Jay Meldrum's Profile


Jay S. Meldrum is the Executive Director of Michigan Tech's Keweenaw Research Center (KRC)and and is the Executive Director of Sustainability for the University. KRC is a soft-money research arm of Michigan Tech University and employs approximately 30 scientists and engineers to provide a wide range of applied research services to clients in government and industry. Research expenditures of KRC are approximately $8 MM annually.
The U.S. Army Tank-automotive and Armaments Command (TACOM) is the Keweenaw Research Center's primary sponsor, with several active R&D contracts now under way. Projects involve vehicle mobility studies in rough terrains and snow on the Center's 900 acre proving grounds.
Meldrum is an active member of the Society of Automotive Engineers (SAE) and has served on several committees and boards including the The Board of Directors (2014-2016). Meldrum is the lead organizer for the SAE Clean Snowmobile Challenge, a Collegiate Design Series Competition that promotes the redesign of snowmobiles for lower emissions, lower noise output, and better fuel economy. This week-long event brings hundreds of volunteers and competitors to the Keweenaw and is a big boost to the local economy. Meldrum is the faculty advisor for the Alternative Energy Enterprise which covers projects including solar panels, wind turbines, geothermal heat pumps, fuel cells, and bio-fuels.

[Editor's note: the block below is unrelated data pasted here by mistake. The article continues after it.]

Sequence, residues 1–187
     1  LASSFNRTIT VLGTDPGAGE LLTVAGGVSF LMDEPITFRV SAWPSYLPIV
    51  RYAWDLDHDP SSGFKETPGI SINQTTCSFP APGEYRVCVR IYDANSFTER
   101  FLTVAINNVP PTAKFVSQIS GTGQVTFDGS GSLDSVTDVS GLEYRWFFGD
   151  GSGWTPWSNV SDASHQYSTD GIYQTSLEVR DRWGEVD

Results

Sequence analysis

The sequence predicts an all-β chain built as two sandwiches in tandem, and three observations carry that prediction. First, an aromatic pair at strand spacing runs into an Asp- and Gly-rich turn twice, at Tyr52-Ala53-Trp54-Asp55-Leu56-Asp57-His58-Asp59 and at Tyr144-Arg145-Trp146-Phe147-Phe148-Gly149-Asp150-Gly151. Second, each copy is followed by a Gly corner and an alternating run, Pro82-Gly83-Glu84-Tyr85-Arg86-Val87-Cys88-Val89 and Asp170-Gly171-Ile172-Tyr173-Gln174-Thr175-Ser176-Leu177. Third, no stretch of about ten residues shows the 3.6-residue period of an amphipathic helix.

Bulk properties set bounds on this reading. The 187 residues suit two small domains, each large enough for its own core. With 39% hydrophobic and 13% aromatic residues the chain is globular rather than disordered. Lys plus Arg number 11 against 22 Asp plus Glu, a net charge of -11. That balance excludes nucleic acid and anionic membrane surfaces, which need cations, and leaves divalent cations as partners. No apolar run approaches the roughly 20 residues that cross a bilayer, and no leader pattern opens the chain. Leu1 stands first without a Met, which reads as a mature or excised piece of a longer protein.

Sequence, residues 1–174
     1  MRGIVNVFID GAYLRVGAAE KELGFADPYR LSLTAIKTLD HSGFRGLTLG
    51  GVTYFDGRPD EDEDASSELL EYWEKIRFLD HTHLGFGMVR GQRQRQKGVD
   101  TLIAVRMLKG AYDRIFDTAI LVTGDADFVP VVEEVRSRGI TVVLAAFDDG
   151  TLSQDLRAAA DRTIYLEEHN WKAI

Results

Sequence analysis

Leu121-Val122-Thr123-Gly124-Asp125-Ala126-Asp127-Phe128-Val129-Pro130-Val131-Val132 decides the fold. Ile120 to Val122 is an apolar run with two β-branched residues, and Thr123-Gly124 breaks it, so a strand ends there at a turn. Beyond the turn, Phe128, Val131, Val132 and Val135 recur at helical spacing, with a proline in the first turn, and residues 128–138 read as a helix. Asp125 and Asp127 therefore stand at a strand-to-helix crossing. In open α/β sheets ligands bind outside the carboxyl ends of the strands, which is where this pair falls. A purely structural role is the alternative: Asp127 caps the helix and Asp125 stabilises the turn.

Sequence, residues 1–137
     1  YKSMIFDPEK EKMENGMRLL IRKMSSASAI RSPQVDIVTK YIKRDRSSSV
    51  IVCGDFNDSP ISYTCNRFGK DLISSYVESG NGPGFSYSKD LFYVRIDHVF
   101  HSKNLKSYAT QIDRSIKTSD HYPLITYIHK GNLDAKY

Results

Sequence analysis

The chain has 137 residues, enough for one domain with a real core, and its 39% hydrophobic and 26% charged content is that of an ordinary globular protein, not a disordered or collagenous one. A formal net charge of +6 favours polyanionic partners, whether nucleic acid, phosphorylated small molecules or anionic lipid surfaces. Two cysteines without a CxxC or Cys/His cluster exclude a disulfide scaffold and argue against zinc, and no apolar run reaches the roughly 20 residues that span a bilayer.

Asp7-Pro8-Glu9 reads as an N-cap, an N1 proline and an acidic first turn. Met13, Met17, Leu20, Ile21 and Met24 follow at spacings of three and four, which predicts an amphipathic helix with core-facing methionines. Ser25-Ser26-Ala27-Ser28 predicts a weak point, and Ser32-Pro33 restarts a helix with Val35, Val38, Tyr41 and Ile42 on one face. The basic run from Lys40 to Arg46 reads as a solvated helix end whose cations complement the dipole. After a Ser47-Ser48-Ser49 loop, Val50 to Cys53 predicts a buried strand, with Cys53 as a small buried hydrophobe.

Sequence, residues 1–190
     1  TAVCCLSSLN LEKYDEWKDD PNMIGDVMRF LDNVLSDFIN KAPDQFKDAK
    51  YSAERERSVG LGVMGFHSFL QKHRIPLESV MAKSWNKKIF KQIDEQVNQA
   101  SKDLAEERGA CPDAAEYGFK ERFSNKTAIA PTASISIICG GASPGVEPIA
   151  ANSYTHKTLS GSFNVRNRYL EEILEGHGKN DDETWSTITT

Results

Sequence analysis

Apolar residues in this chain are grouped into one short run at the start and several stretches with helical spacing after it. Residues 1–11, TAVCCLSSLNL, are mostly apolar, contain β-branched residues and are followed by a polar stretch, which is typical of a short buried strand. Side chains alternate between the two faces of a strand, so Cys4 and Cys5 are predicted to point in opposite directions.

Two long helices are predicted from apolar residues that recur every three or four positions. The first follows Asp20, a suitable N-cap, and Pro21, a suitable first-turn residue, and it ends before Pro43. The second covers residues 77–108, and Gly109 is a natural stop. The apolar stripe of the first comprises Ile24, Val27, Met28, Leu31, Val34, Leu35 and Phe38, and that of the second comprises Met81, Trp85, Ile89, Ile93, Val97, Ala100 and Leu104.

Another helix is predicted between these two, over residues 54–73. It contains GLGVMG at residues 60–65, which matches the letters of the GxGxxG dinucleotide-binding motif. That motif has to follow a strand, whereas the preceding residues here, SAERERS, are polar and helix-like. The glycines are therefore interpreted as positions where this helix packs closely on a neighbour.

Meldrum earned an MS in Mechanical Engineering from the University of Michigan and a BS in Mechanical Engineering from General Motors Institute (now Kettering University).

Jay's research projects

Greener and Cleaner: Building a Better Snowmobile

Help tomorrow's engineers design cutting-edge snowmobile technology today. The Clean Snowmobile Challenge pits teams of students from different schools against one another to design the best environmentally friendly snowmobile—presenting concepts for quieter, cleaner, and more efficient vehicles to industry.

Projects that Jay has supported

More Than a Snail's Pace: Monitoring Glacial Melt

Alaska's Bering Glacier, the largest glacier in North America, has been experiencing extensive ablation, or melt. Since 1900, the terminus—the glacier's endpoint—has retreated more than seven miles. In order to provide data for scientists and policy makers to act on, we must continue to monitor the Bering Glacier, and the health of other glaciers.

Baby Tears: Assessing Nutrition in Infants

Imagine if we could recognize nutritional deficiencies in infants and children before they cause serious medical damage. With only a single teardrop, we think it is possible to detect someone's vitamin levels in the same way blood plasma tests currently do, but through a quick—and completely painless—process.

Can a Good Night's Sleep Prevent Heart Disease? Exploring Sleep Apnea

Sleep disorders affect nearly one in three adults. Since chronic sleep deprivation leads to cardiovascular disease—the number one killer in the United States for almost 100 years—this is a critical health issue. We will investigate sleep disorders in great depth to better understand the connection between sleep apnea and cardiovascular disease.

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